It's time to debunk election myths.
Credit: George Danby / BDN

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Michael Reisch has conducted and consulted on political campaigns at the local, state, and national level and written and taught about politics and social action at six major universities. He wrote this column for The Baltimore Sun.       

The media frequently justify their election coverage with claims that a vital democracy needs a well-informed public. Unfortunately, their coverage often repeats long-standing myths about politics that undermine this worthwhile goal.

Here are 10 of the most glaring election myths:

1. Candidate quality counts most with voters. In this age of celebrity, name recognition rather than substantive accomplishment matters. There is no other explanation for the electoral success of Donald Trump, the candidacies of Kari Lake, J.D. Vance and Mehmet Oz, and the contemplation of future candidacies by Kanye West and Dwayne Johnson. Many voters embrace celebrity to acquire vicarious status or because a celebrity voices their long-held beliefs.

2. Voters prefer candidates who display bipartisanship. Prospective voters often express chagrin about politicians’ failure to “just get along.” Yet, they largely vote for candidates in primary elections who reflect the most polarized positions. Candidates respond accordingly, even after they win.

3. Voters prefer positive messages from candidates. Voters also frequently bemoan attack ads that combine half-truths about opponents with scary images and ominous music. Studies reveal, however, that most voters respond more to negative ads than positive ones.

4. Voters pay attention to candidates’ records on the issues. Candidates’ websites post detailed positions on a wide range of issues, but scant evidence exists that voters examine these websites carefully. In fact, voters hardly notice shifts in candidates’ positions except on the few issues they already cared about.

5. Voters care about the future. Some candidates address long-term problems, such as the national debt, the fate of Social Security and Medicare, and the future of the Earth. Voters focus on short-term concerns, however, like gasoline prices or entrenched issues like abortion. To some extent, this reflects how the media cover the issues.

6. Voters assess candidates using similar criteria. Although they claim to prefer candidates whose moral rectitude reflects a commitment to “family values,” voters all over the political spectrum are remarkably forgiving of their preferred candidates even when they violate these norms. For example, feminists supported Bill Clinton; evangelicals still back Donald Trump. Less popular politicians, however, often suffer the voters’ wrath for less egregious transgressions.

7. Voters who identify as independent are better informed and less partisan. Given the increasing importance of primaries in determining who ultimately wins political office, declaring oneself an “independent” is increasingly no more than a form of virtue signaling. States without “open primaries” render independents politically irrelevant, yet both parties moderate previous positions to attract their votes. Independents are just as partisan as other voters. They only differ in the combination of issues about which they are partisan.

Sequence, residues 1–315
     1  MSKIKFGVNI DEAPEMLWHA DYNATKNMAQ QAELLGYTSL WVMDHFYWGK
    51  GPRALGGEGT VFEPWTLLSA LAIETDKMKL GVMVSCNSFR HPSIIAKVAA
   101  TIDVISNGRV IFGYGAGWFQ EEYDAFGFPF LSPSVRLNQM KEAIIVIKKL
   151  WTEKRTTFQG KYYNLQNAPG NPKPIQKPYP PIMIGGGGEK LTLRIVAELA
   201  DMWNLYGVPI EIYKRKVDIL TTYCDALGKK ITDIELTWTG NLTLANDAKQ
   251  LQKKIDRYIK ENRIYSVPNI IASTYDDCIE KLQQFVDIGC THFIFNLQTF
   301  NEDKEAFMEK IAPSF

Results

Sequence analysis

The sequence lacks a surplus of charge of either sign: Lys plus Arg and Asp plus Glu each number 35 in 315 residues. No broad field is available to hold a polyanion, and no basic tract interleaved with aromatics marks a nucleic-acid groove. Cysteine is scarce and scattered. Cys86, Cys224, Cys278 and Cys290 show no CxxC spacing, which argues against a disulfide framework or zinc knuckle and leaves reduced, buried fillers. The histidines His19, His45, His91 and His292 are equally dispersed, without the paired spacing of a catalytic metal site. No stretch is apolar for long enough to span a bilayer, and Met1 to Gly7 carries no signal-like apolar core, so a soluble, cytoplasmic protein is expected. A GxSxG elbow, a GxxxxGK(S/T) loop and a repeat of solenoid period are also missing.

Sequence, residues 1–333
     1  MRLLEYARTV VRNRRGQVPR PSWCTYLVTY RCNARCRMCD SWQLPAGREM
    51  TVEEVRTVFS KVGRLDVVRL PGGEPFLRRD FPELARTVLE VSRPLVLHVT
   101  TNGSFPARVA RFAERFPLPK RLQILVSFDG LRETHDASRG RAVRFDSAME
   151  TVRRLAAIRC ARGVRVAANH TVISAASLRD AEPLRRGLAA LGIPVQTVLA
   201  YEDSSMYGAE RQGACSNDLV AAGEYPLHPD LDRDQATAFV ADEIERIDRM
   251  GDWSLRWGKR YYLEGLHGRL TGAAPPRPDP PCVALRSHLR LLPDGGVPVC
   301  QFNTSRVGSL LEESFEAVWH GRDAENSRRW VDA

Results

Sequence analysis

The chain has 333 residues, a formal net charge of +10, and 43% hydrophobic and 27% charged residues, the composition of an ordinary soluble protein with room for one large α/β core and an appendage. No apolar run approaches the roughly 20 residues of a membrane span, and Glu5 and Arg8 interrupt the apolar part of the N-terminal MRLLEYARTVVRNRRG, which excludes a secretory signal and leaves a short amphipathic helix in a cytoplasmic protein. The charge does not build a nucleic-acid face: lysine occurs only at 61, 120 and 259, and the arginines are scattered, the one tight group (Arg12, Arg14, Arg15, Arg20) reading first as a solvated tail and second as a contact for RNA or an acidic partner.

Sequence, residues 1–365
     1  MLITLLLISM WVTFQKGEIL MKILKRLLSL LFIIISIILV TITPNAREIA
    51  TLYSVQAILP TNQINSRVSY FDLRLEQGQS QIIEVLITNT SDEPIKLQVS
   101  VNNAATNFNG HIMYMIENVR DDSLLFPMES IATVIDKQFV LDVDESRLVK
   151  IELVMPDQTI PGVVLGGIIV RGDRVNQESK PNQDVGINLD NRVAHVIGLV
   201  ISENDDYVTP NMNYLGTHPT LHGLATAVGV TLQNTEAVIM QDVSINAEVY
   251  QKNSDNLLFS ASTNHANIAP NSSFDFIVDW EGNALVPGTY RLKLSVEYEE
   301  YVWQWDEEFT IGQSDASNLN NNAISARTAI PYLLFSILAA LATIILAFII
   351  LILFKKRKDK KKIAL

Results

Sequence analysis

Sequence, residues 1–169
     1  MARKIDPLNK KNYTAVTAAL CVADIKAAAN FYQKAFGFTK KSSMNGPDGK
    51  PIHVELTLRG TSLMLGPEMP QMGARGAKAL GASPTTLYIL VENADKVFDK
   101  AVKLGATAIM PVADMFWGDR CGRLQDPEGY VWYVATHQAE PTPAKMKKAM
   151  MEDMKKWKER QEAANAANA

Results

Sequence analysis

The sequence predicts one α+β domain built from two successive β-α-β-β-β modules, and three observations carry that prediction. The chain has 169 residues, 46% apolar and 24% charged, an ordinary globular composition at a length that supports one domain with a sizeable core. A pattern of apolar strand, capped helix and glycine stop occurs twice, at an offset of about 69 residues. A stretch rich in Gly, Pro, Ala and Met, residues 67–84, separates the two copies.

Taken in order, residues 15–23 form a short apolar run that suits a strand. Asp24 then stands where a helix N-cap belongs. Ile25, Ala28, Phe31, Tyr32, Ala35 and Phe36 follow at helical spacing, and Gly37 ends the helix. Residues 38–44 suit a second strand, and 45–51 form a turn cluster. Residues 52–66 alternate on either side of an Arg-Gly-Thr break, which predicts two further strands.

8. There is such a thing as the women’s vote, the Black vote, the Jewish vote, etc. The media frequently report how a particular group’s votes will split among candidates, and pay inordinate attention to perceived shifts in these blocs’ voting patterns. Following an election, they twist themselves into analytic pretzels explaining why so many women voted for Donald Trump; non-college educated white men voted for Barack Obama, but not Hillary Clinton; and why Latinos embrace conservative positions on abortion and immigration. The myth that identity equates with ideology has been disproved so often it is no longer a surprise.

9. Debates influence election outcomes. Since the Kennedy-Nixon debates, the assumption that these events influence the outcome of close elections remains a sacred truth of American politics. Campaigns spend considerable time rehearsing rhetorical zingers for their candidate to inject at an opportune moment. In some cases, they deliberately set the bar so low for their candidate that anything short of incoherence is a “victory” (see Herschel Walker). Debates, however, now have less impact on elections than viewers do on “Dancing with the Stars,” especially when they occur after early voting begins.

10. Not voting sends a powerful political message. Deliberately choosing not to vote out of apathy, cynicism or the belief that voting makes no difference is just another version of virtue signaling. It is particularly tragic that groups most likely not to vote — people who are young, lower income, and less educated — are those most affected by election outcomes. Although some campaigns engage in registration and “get out the vote” efforts, they largely target likely voters and tailor their messages accordingly.